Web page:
“If I lost consciousness, it was only for a brief moment because he exploded. Things were fuzzy for just a second or two, and the next thing I knew, I was standing almost in the same spot, just in a cloud of dust,” Mahoney said. “I had some pretty bad flesh wounds on my arm, my shoulder and all up the back of my legs. But my body armor worked, I’ll tell you that much.
“The first thing I did is I looked down at my arm and it was all jacked up. It was a mess; you could see the bone and everything,” Mahoney said.
He looked up and saw Mingus on the other side of the street and rushed himself and his commander behind cover. Mingus then helped Mahoney tie a tourniquet to Mahoney’s arm.
Mahoney said he didn’t see Groberg until U.S. medical personnel were evacuating them out of the area by helicopter.
“I later found out that he (Groberg) had been blown across the street. He’s still recovering from a pretty bad wound to his leg, and is going through rehabilitation at Walter Reed [National Military] Medical Center” in Bethesda, Md.
Reflecting back on the incident, Mahoney can’t fully explain how exactly he and Groberg walked away from it.
“The only thing that we can conclude is that the blast went more into the ground than it did into us. But we don’t know.”
The second suicide bomber detonated right after the first one, which did considerable damage to the group, Mahoney said.
“We lost four people that day. We just passed the two year anniversary on Aug. 8.”
Command Sgt. Maj. Griffin, Maj. Thomas E. Kennedy, Air Force Maj. Walter D. Gray, and Ragaei Abdelfattah, a representative of the U.S. Agency for International Development, all died that day.
Mahoney was awarded a Purple Heart for wounds sustained, and a Silver Star for putting his life on the line that day for his comrades. More importantly, Mahoney brought away life lessons from the scene that continue to shape the way he lives daily life.
“I would say personally, more than professionally, I value living life every day, and I don’t sweat about the small stuff because it could have all been gone in an instant,” Mahoney said. “I wasn’t uptight before, but I am just less so now.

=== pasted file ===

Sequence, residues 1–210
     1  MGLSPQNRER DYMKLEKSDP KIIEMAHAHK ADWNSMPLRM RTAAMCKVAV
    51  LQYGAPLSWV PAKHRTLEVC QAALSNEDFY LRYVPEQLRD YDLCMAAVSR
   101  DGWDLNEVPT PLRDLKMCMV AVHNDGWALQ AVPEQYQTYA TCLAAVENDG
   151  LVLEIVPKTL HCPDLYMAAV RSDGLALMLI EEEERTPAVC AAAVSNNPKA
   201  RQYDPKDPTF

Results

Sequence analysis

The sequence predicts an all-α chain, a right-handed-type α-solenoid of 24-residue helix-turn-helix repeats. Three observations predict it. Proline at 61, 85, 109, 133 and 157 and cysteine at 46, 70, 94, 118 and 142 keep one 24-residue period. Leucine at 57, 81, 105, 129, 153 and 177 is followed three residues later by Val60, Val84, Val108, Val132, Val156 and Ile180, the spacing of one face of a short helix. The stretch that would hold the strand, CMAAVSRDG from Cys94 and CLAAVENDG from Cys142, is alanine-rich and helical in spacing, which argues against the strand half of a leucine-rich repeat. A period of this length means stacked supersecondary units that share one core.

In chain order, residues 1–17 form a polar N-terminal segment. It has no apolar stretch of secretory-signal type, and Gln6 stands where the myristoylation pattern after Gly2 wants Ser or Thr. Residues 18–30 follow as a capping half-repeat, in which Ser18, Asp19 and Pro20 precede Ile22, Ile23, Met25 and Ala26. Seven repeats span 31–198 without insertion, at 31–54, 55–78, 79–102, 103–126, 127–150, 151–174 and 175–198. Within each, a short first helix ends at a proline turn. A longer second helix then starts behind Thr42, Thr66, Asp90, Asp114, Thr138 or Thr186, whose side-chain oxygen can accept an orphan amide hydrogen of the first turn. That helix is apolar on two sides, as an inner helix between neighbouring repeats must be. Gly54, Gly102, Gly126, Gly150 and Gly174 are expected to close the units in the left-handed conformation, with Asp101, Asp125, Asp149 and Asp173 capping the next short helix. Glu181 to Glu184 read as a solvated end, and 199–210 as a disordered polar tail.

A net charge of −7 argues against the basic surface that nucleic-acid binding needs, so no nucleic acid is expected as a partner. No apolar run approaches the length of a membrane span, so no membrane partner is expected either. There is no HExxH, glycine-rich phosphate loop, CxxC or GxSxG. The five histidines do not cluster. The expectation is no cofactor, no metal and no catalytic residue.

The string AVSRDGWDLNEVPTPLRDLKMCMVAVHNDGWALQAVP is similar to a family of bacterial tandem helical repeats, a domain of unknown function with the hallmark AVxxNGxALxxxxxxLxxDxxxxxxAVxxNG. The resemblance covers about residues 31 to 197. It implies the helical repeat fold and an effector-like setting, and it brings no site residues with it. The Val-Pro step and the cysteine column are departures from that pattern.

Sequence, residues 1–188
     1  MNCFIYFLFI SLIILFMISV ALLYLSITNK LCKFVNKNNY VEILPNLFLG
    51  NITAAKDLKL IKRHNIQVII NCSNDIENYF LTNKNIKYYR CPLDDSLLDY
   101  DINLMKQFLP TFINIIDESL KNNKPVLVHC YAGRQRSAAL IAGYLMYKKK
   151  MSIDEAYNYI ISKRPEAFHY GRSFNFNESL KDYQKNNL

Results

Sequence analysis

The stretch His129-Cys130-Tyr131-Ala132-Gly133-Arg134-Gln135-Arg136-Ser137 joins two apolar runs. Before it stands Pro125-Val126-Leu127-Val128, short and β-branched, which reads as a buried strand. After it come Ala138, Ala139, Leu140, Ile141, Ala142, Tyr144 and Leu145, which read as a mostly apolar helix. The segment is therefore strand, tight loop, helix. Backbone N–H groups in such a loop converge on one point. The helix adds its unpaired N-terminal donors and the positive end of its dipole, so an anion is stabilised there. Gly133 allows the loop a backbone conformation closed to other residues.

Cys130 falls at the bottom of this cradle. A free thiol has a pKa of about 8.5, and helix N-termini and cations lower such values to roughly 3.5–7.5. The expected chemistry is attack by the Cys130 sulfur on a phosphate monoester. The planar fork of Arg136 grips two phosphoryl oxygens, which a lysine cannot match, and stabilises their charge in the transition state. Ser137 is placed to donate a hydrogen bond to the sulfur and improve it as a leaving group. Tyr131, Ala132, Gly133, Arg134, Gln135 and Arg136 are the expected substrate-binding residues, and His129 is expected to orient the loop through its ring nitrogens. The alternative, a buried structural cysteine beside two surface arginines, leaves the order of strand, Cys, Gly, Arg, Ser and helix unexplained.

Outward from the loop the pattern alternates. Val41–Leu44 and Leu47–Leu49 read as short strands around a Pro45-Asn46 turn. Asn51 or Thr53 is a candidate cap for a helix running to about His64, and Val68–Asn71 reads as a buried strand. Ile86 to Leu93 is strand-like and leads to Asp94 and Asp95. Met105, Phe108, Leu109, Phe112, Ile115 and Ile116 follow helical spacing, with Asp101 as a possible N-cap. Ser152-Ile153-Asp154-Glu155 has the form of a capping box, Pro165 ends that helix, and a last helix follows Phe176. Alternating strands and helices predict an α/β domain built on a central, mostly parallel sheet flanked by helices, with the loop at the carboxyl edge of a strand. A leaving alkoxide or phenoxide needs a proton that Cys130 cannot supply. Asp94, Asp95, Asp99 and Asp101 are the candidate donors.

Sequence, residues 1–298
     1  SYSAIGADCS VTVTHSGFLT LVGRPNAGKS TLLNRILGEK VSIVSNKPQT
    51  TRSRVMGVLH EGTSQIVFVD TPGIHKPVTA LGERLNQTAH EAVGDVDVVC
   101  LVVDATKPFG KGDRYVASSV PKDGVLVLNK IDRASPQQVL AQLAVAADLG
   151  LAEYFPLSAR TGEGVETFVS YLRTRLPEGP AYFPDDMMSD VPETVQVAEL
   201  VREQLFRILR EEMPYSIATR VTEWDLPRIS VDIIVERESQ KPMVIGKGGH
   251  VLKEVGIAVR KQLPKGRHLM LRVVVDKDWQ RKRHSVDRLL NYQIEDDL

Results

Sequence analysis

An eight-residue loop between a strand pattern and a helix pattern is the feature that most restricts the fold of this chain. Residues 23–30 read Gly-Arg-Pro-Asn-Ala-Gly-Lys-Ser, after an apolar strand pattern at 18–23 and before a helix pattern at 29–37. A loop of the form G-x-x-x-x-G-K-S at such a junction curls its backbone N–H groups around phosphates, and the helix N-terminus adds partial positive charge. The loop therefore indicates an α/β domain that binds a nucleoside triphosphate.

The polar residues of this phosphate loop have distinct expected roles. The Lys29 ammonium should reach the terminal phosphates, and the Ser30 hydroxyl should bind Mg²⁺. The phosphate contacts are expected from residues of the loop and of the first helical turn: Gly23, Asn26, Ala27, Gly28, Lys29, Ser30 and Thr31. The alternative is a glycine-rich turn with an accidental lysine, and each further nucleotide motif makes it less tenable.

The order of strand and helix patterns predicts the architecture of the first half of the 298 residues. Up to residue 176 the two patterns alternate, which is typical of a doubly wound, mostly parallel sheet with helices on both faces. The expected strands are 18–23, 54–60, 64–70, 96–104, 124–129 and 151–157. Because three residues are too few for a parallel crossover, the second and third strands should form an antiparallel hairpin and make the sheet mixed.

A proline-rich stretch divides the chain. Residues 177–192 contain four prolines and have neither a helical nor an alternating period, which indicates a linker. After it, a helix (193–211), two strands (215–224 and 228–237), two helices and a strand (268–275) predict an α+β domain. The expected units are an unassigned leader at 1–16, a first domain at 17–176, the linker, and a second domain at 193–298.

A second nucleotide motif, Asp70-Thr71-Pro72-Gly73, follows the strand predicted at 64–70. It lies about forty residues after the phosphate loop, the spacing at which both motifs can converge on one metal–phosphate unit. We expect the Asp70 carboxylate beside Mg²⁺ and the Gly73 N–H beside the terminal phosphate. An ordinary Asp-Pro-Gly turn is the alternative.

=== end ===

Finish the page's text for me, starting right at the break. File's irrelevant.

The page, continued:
“Since those guys didn’t get to walk away from that incident the way we did, I live every day as a homage to them,” he said.
Mahoney married his wife Melanie as he was recovering from his wounds in the hospital in San Antonio. They now live in Fountain, Colo., with their two small children — Corbin, who is four years old, and Brooklynne, who is two.
Brennan explained that in the early spring , Mahoney will be assigned to the 7th U.S. Army NCO Academy in Grafenwöhr, Germany, where he plans to pass along his communication knowledge onto the next generation of signal NCOs.
“We thought this assignment in Germany would be perfect for him … to pass along his knowledge as a communications professional,” Brennan said.
Brennan has known Mahoney for less than a year, but immediately saw his value. When petitioned to put him in as a candidate for the USO Soldier of the Year, Brennan immediately got the paperwork turned in. Mahoney will receive the USO award in October.
“He’s got a dedication to serve, a dedication to his craft, and he’s a very humble young man,” Brennan said. “He totally deserves this award. He has learned a lot, and still has a lot to learn as an NCO. But whatever path he chooses, I have no doubt that he’ll do it well.”